Watermelon packs a punch with important vitamins and phytonutrients. The combination of antioxidant vitamins C and A does wonders for the body. They both stop free radicals from causing damage to cells that otherwise lead to many ailments: plaque build up in arteries through the oxidation of cholesterol, increased inflammation, especially in joints, vision deterioration and cellular damage that can lead to mutations in DNA (which can become cancerous). Watermelon is also a great source of the phytonutrient lycopene, which has received much attention for its antioxidant behavior and ability to reduce the risk of many cancers. Watermelon is also a great fruit source of B vitamins, which the body uses to generate energy from sugars, carbohydrates, lipids (fats), amino acids and proteins. Another phytonutrient, citrulline (an amino acid, too) gets converted to the amino acid arginine. Higher levels of arginine are linked to relaxing blood vessels (through increased production of nitric oxide) removing the waste product ammonia and increasing cell sensitivity to the insulin molecule.
Vitamin and Mineral Content
Vitamins – C, A, B6 (Pyridoxine) and B1 (Thiamin)
Minerals – Potassium and Magnesium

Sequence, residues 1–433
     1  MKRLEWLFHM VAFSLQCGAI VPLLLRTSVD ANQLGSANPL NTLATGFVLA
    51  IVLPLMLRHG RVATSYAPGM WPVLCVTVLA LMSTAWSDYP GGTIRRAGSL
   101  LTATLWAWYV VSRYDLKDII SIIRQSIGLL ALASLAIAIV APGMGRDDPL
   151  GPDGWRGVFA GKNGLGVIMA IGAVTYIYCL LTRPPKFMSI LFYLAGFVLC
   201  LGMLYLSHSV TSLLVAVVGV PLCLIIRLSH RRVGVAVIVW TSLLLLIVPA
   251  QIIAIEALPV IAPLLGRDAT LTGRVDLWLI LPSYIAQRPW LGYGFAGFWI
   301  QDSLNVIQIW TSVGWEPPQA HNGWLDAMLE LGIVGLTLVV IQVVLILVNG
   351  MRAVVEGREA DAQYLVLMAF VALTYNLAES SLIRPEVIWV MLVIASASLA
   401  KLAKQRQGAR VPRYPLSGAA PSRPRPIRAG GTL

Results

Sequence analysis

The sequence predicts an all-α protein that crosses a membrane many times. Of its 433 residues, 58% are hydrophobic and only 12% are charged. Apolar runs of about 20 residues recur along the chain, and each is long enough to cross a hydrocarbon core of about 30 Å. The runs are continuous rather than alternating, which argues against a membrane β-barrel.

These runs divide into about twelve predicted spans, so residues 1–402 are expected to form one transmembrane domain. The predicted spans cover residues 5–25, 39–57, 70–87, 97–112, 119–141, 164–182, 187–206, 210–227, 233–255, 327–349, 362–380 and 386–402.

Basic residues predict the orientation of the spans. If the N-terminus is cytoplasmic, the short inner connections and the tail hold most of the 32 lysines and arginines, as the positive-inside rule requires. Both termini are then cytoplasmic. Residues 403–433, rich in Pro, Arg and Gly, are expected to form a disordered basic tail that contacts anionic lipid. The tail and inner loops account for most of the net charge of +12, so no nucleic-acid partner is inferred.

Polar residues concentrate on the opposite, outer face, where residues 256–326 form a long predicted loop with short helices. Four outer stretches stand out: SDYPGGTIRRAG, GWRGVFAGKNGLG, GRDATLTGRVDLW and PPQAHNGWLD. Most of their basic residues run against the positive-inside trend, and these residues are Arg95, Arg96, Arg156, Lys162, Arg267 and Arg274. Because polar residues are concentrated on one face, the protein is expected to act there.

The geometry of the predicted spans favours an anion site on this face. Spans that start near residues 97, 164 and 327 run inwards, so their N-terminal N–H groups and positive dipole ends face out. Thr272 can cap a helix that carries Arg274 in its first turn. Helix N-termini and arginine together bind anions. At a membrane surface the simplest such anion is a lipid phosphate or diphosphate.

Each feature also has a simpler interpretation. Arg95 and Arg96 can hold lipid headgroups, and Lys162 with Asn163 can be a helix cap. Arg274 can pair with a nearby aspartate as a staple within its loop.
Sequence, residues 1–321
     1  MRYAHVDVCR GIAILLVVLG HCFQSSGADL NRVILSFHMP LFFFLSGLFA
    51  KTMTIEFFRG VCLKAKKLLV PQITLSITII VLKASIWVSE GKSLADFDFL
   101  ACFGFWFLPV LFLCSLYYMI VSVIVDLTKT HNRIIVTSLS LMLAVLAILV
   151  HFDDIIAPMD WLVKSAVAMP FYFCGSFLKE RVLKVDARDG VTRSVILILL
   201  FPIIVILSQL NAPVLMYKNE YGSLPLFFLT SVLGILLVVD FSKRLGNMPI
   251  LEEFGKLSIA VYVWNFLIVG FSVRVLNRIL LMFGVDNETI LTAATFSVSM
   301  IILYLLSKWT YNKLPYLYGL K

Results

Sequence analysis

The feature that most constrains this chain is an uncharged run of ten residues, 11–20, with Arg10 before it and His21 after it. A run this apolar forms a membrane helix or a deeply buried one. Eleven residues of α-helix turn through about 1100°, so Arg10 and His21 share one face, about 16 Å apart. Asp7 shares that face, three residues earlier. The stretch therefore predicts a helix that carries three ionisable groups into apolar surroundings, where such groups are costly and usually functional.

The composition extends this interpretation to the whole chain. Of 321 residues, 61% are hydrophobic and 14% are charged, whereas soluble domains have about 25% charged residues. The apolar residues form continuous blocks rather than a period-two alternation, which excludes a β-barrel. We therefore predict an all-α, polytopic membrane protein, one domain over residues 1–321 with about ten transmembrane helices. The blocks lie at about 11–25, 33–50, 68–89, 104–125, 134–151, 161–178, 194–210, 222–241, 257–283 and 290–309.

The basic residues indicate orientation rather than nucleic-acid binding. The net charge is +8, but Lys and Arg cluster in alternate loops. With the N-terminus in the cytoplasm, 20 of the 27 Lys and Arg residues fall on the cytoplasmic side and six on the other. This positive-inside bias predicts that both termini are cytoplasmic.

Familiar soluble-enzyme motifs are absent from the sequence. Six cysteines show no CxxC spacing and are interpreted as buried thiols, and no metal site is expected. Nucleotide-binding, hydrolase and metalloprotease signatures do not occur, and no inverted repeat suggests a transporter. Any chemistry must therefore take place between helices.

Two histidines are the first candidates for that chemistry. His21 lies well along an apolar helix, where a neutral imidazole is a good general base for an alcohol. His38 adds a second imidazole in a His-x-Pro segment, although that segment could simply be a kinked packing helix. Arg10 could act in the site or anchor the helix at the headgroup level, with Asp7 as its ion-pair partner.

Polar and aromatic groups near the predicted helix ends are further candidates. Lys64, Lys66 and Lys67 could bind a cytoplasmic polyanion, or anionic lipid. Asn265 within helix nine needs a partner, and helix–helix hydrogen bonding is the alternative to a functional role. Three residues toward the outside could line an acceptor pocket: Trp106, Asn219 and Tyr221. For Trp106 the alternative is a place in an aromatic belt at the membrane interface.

Watermelon may help reduce the symptoms or prevent the onset of rheumatoid/osteoarthritis, colon cancer, asthma, heart disease, type II diabetes, erectile dysfunction, and cancers of the lung, breast, prostate, colon, rectum and endometrium.
How to Grow
Watermelon has the same environmental and cultivation needs as other melons (cantaloupe and honeydews) but falls in a different class. (This makes sense, since watermelon looks, tastes and feels so unlike other melons.) Watermelon cultivars have been established that can fit into a range of garden sizes. Some cultivars are even seedless. Note: Watermelon depends more than others on warm sunny weather (+75˚F.) to grow. A few cultivars grow in slightly cooler climates, so check with a local nursery to see what types can grow in your area. See Melons for details on growing.
Besides the pests in the Melons entry, watermelons are vulnerable to aphids and squash vine borers. Deter aphids by planting French marigolds, which attract aphid predators. Squash vine borers are white caterpillars about one inch long. See Summer-Winter Squash for how to control borers.
Watermelon is ripe when it sounds hollow after knocking on it. Store in a cool, shady place to ensure they last as long as they can (2-3 weeks).